Transfer of C-130s from USACOM to USTRANSCOM
A significant issue for the C-130 entailed the reassignment of CONUS-based active duty C-130s from USACOM to USTRANSCOM. As the single manager for DoD transportation, the consolidation of these air mobility assets under USTRANSCOM lent further credence to USTRANSCOM's single manager charter. Furthermore, as the Air Force component of USTRANSCOM, Air Mobility Command subsequently exercised both service authority (i.e., train, organize, equip, and provide) and operational control over these forces. This arrangement eliminated confusion and yielded more effective and efficient service to the air mobility customer. Theater CINCs would continue to exercise combatant command and operational control of overseas-assigned C-130 forces.
Although service life computations have not been used to determine grounding or airframe restrictions, the Air Force has used service life estimates as a planning tool to anticipate when major aircraft structural events can be expected. A key issue was the structural service life of the C-130 airframes, which was dependent on mission severity, fatigue, and corrosion factors.
A severity factor accounted for the difference between normal civilian flying and military flying (low level, short-field landings, etc.). Mission profile determined the severity factor, which was averaged over each aircraft's most recent two year history. This calculation translated airframe clock hours into equivalent airframe damage hours which would indicate the higher aging rate of the military airframes. On average, active C-130 aircraft were found to be flying approximately 600 hours per year, while ARC C-130E and C-130H aircraft were flying about 375 hours and 450 hours per year, respectively.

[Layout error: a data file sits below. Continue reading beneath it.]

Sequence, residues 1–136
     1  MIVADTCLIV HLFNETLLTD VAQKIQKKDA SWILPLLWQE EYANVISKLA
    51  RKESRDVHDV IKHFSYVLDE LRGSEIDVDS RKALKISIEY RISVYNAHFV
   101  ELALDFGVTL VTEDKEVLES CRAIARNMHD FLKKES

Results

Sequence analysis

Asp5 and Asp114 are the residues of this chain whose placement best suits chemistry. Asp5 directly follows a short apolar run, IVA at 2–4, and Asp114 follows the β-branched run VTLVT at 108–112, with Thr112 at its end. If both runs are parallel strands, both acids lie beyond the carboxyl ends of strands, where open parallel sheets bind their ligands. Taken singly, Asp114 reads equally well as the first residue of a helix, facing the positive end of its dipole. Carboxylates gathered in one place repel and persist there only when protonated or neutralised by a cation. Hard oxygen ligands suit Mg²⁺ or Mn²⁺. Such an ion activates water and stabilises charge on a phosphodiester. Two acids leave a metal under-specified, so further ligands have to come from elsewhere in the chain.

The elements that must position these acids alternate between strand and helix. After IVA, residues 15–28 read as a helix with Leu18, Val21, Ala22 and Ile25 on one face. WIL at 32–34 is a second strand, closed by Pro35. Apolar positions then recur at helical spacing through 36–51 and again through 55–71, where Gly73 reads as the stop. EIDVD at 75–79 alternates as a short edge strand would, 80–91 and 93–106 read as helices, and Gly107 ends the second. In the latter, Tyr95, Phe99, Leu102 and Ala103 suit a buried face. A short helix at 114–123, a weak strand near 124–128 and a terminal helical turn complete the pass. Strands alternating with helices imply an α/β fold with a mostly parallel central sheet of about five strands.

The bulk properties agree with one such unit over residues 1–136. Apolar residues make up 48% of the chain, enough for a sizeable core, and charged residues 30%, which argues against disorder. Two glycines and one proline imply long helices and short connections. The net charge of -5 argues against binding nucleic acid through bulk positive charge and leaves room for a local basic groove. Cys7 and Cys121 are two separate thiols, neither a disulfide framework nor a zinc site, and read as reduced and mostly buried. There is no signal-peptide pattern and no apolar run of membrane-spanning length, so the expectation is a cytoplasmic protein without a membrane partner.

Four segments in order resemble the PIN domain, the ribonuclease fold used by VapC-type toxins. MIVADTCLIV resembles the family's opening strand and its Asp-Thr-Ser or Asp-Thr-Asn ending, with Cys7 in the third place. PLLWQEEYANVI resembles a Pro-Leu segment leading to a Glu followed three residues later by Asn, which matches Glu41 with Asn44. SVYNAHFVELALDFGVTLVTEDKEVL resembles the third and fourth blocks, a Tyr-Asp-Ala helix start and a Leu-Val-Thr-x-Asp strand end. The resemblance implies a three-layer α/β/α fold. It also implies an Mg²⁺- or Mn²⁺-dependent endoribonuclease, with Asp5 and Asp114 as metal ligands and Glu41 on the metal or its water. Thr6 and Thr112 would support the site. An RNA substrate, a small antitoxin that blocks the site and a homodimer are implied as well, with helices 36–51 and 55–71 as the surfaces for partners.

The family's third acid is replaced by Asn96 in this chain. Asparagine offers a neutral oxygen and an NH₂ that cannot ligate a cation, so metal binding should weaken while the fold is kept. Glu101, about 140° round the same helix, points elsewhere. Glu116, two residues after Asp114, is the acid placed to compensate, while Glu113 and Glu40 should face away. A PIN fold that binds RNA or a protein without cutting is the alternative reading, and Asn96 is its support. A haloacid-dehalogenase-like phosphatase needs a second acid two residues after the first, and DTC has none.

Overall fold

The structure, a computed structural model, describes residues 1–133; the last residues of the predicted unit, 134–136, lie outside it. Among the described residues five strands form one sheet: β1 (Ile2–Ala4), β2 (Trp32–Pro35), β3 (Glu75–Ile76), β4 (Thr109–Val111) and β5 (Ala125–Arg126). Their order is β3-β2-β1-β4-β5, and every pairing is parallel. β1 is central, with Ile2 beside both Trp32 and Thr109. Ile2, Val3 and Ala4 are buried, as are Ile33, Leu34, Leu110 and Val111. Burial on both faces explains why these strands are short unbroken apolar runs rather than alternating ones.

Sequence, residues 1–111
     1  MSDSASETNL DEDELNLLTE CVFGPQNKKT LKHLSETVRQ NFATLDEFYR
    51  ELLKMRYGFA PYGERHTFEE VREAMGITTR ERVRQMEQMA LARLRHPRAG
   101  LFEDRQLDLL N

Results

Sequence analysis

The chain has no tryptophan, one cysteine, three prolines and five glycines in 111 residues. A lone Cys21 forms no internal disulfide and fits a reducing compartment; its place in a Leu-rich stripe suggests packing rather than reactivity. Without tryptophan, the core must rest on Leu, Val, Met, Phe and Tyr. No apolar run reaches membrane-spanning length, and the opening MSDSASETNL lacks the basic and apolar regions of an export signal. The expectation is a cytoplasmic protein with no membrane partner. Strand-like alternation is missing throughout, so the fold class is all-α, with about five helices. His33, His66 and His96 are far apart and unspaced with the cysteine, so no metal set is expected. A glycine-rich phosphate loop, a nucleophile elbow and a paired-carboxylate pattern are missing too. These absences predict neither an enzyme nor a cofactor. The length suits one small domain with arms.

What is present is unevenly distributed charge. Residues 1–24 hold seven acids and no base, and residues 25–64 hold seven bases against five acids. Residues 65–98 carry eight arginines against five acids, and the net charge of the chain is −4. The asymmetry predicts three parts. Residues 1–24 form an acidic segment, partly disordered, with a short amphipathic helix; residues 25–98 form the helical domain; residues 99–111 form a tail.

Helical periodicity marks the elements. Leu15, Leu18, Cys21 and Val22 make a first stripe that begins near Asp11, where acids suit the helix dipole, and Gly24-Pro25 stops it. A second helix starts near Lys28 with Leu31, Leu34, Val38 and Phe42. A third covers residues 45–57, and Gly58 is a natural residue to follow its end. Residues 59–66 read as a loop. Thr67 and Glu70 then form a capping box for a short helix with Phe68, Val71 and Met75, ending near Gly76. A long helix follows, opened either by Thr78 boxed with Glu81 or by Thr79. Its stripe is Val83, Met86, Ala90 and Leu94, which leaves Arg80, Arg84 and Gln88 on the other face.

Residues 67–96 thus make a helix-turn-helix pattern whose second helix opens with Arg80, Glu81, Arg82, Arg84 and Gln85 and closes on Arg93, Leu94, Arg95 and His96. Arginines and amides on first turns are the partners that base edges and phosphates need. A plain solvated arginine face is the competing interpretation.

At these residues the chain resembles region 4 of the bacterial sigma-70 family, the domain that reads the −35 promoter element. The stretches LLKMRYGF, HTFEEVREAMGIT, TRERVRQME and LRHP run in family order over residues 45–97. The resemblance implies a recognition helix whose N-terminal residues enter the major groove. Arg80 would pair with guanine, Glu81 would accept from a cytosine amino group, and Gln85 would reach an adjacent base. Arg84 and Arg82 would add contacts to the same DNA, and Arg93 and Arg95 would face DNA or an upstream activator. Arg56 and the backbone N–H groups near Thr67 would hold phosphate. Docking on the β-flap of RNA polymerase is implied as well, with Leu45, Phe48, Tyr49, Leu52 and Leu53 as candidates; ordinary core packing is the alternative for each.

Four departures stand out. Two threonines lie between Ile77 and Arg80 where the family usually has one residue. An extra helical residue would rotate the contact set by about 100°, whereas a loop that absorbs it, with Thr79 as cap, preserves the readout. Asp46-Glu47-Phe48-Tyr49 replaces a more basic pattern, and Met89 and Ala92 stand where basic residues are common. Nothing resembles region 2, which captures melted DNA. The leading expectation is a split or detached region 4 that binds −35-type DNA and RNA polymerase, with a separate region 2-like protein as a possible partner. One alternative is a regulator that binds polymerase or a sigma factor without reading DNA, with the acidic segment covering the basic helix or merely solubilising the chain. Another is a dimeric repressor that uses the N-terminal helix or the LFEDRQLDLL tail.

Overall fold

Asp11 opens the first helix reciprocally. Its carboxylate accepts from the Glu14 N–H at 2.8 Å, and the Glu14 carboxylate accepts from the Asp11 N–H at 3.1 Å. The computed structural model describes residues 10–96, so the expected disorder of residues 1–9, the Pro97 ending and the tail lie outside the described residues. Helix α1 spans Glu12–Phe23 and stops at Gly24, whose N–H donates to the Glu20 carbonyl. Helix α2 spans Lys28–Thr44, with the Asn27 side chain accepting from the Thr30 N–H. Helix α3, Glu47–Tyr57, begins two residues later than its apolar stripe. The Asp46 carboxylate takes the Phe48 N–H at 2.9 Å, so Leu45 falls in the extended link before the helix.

The critical fatigue component for the C-130 fleet is the center wing box, which is structurally more susceptible to the stresses of mission profile and payload. The center wing box has a limit of 60,000 relative baseline hours (flight hours multiplied by the mission severity factor). A corrosion limit of 40,000 flight hours was based on historical data and engineering judgment. This data took into account corrosion factors not considered in airframe fatigue analysis. Actual airframe service life depends on which limit, fatigue or corrosion, is reached first. For instance, the service-life of the HC-130N/P was based upon the aircraft's wing box and operations tempo. Based on the current operations tempo, the fleet will begin to lose airworthiness in 2013.
The average age of the active duty C-130 fleet as of 2000 is over 25 years old, while the average age of Guard and Reserve C-130s is 15 years old. The average age of the C-130E model is over 28 years and average flying time is approximately 19,800 hours, with the newest E-model being produced in 1972. Based on projected operations tempo and overall mission severity, C-130E aircraft were said to have an average remaining service life of 15 years. Material solutions such as selective repair, a service life extension program (SLEP), or procurement of new aircraft were some of several ways investigated to influence and resolve aging of the C-130 fleet.
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